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Commissioner Hardesty Year 2 Recap (2020 - 2021)

Hardesty speaking to racial justice protest
A summary of major accomplishments and notable moments during Commissioner Hardesty's second year in office: 2020 - 2021. During this time Commissioner Hardesty was assigned to oversee Portland Fire & Rescue, Bureau of Emergency Communication (BOEC), and the Bureau of Emergency Management (PBEM).

The Passing of Commissioner Nick Fish 

City Council Meeting. Commissioner Hardesty is seated next to Commissioner Fish

On just the second day of 2020, tragic news was released that Commissioner Nick Fish passed away after battling cancer. 

This was a very sad moment for Portland. I knew Nick for decades, and while our time as colleagues on Council was briefer than expected, I always respected his deep commitment and tenacity as a public servant - even as he managed his illness. 

COVID-19 Pandemic Response

2020 was an exceptionally difficult year of crisis upon crisis, starting with the overarching COVID-19 global pandemic that has claimed millions of lives worldwide. 

The pandemic exasperated the many inequalities that were already present in our society. The City prioritized the most vulnerable populations during these uncertain times – including BIPOC communities, seniors, houseless, food insecure, and more. 

Commissioner Hardesty with a Thank You sign

It is difficult to encapsulate all that Commissioner Hardesty and her team worked on during these long, hard hours alongside so many City employees and essential workers to help coordinate an effective and equitable response during unprecedented times.  

This included:  

  • Sharing accurate and accessible public information as part of a City & Multnomah County coordinated effort, which required close alignment to share important health updates, policy changes, vaccination opportunities, program and service changes, and so much more.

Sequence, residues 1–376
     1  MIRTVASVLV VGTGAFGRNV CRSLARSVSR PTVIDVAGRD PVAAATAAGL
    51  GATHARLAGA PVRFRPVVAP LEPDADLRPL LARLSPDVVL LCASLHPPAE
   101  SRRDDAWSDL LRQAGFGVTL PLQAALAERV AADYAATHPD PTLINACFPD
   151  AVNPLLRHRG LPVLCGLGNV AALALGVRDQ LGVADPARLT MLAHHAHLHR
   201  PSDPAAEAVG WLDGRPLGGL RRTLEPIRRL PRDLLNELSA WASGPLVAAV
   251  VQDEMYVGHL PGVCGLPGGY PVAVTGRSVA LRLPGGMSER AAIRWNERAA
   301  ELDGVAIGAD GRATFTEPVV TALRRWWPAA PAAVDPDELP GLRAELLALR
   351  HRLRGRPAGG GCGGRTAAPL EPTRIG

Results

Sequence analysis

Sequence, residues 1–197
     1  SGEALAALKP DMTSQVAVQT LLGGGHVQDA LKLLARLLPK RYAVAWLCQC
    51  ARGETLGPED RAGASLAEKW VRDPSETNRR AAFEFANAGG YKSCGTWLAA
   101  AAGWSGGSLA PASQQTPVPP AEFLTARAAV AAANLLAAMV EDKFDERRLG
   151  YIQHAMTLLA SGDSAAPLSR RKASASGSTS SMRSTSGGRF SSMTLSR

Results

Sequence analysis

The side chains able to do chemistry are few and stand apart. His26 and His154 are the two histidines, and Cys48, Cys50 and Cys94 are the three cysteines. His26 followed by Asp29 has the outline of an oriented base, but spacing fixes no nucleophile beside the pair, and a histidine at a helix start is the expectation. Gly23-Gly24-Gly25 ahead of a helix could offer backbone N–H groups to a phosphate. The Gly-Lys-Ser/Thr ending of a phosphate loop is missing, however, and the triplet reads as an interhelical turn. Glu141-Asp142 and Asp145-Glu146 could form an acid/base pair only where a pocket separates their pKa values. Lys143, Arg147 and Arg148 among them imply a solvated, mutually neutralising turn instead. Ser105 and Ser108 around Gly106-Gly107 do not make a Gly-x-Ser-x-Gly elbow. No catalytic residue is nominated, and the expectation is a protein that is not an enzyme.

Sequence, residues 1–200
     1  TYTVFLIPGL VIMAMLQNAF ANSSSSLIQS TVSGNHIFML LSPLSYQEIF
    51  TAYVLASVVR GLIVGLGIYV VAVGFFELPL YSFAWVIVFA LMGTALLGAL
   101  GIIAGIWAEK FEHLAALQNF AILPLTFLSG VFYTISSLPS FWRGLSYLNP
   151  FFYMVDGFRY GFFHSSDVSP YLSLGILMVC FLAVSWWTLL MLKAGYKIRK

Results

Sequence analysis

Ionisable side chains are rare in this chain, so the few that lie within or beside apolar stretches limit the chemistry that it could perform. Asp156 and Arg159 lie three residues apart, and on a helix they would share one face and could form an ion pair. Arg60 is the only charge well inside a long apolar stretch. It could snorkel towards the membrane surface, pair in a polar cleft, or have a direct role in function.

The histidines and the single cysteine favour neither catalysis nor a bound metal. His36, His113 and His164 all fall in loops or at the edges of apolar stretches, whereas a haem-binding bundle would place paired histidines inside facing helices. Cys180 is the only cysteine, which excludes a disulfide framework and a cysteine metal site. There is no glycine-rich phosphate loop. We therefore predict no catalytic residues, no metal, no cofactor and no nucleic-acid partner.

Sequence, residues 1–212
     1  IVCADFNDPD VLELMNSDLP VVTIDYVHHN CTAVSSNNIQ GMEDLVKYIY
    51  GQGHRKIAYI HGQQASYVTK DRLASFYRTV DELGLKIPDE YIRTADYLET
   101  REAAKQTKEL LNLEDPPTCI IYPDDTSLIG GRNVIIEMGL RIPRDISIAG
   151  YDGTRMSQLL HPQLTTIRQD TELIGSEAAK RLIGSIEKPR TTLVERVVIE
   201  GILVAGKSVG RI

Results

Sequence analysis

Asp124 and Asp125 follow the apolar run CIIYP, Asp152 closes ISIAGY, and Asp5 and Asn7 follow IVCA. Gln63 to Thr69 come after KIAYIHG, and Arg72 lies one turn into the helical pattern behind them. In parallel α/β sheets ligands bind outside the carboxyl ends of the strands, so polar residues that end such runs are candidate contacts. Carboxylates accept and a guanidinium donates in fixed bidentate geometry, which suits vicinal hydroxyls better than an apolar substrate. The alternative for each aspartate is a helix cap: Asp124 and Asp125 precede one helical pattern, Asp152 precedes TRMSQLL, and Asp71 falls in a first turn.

• Establishing the Small Business Relief Fund.  

  • Coordinating volunteer efforts and donation needs in coordination with Multnomah County. 

  • Aiding those suffering from food insecurity. 

  • Creating emergency Hygiene Stations & Services throughout Portland. 

  • Conducting Council meetings virtually and allowing remote public testimony. 

  • Distributing Federal CARES Act dollars equitably. 

  • Instituting an eviction moratorium, providing direct cash assistance for rent, food, medication and other urgent household needs, and establishing the Emergency Housing Stabilization Fund. 

  • Securing PPE for hospitals, clinics, first responders, healthcare workers, and vulnerable populations. Portland Fire & Rescue stations were used as donation drop off locations. 

  • Allowing outdoor seating for restaurants to promote safer social and business opportunities

  • Establishing the first shelter expansion following the onset of the pandemic in 3 C3PO villages, while supporting shelter expansion of public buildings and purchase of hotels and other shelter options.  

  • Portland Fire & Rescue conducting vaccination clinics prioritizing vulnerable communities and delivering prescription medication to vulnerable adults through a new MEDS on WHEELS outreach program. 

Public & Private Sector Ban of Facial Recognition Technology

The Office of Commissioner Hardesty began working closely with a coalition of privacy and racial justice advocates and the City of Portland’s Smart Cities PDX team to explore a ban on the controversial use of facial recognition technology. This included City Council holding two public work sessions and holding community engagement events. 

This action was taken because Facial Recognition Technology is an intrusion on Portlanders' privacy and is shown to have gender and racial bias and inaccuracies. No one should have something as private as their face photographed, stored, and sold to third parties for a profit. No one should be thrust into the criminal justice system because the tech algorithm misidentified an innocent person. 

Council voted unanimously to support a ban on facial recognition technology. Portland’s public sector ban is among the most stringent compared to other city bans, and the private sector ban is the first of its kind in the nation. 

Residential Infill Project (RIP)

Residential Infill Project Supporters in City Hall

A five-year effort, the Residential Infill Project (RIP) aimed to allow more opportunities for “middle housing” by allowing more housing units in parts of the city to meet the city’s growing population needs.